• RCE Vulnerabilities: Remote Code Execution (RCE) is a method of attack where someone can take over control of someone’s device. Through this kind of attack, an entire web application or web server can be compromised.
  • PHP Vulnerabilities: PHP vulnerabilities is an umbrella term used to describe XSS, CSRF, SQL injection and other attacks. This application level vulnerability allows the attacker to perform a broad range of malicious attacks on website that use PHP programming language.

different types of WordPress vulnerabilities

Image credit to iThemes

  • DDoS Attacks: A distributed denial of service (DDoS) is a type of cyber attack where devices are used to send or request data from a WordPress website hosting server, with the aim of slowing or crashing the server.
  • REST API: A REST API vulnerability is when an attacker is able to gain unauthorized access to edit the content of a post of page. It’s done by sending a HTTP GET request that is easily understood by REST API.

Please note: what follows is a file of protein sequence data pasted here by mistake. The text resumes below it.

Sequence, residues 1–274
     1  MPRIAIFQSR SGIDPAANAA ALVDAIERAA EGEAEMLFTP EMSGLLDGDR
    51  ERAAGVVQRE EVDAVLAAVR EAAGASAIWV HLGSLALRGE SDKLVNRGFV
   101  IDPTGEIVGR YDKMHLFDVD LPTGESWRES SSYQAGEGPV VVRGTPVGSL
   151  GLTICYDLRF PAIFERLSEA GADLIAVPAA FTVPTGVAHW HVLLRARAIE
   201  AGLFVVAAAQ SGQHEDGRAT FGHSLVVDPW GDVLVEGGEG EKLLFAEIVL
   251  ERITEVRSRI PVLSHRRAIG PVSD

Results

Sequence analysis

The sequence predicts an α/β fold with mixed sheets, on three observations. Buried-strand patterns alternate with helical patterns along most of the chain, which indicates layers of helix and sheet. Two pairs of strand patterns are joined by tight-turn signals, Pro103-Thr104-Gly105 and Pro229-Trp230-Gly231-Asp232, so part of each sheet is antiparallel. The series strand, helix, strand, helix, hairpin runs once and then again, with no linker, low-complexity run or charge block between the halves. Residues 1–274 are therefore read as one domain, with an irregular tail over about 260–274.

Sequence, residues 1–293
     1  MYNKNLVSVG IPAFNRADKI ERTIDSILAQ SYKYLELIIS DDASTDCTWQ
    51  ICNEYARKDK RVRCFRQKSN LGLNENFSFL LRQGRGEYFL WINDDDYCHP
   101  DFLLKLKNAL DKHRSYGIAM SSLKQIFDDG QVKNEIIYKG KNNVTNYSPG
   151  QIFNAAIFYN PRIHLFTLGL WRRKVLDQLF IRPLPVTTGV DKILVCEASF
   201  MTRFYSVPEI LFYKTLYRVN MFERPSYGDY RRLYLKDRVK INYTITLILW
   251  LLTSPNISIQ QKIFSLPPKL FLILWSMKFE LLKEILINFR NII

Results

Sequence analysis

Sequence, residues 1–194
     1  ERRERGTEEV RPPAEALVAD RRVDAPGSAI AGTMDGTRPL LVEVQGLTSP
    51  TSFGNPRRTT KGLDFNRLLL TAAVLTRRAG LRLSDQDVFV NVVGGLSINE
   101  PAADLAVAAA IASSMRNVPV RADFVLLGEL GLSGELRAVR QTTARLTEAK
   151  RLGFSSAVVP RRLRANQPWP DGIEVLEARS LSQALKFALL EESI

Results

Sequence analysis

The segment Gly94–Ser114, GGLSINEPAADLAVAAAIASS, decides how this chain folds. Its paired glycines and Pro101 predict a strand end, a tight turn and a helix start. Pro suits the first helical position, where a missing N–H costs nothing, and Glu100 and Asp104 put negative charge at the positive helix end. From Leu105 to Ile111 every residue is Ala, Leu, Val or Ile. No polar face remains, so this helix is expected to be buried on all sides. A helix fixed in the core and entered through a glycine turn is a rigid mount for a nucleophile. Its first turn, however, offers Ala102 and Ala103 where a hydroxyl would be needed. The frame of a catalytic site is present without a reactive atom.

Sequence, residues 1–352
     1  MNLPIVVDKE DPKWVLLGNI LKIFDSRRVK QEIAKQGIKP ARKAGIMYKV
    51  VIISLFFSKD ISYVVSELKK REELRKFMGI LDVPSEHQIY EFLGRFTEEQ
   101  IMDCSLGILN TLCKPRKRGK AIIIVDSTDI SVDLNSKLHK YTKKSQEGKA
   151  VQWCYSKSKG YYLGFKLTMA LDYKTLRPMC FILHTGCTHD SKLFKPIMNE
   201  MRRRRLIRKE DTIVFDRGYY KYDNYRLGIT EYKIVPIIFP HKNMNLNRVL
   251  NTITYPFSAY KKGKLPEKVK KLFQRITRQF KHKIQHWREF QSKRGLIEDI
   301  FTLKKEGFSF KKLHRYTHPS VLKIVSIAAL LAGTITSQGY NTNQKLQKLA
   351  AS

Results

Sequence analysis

• Weak Passwords: Weak passwords are a common vulnerability that can allow hackers to do a lot of damage. If your passwords aren’t updated regularly or are easy to guess, cybercriminals will have an easier time accessing your site.
  • Sensitive Info Disclosure: Sensitive information disclosure happens when a website unknowingly reveals sensitive information to its users, such as private user data, financial info and login info.
  • Malware: Malware is a blanket term used to describe a range of vulnerabilities. Malware can steal, encrypt and delete sensitive data, or hijack certain functions of your website, and can include viruses, worms, ransomware and spyware.
  • Phishing: Phishing is a type of attack that is aimed at stealing your money, identity, login credentials or other information. Cybercriminals commonly use deceptive techniques to phish information from users through emails and text messages.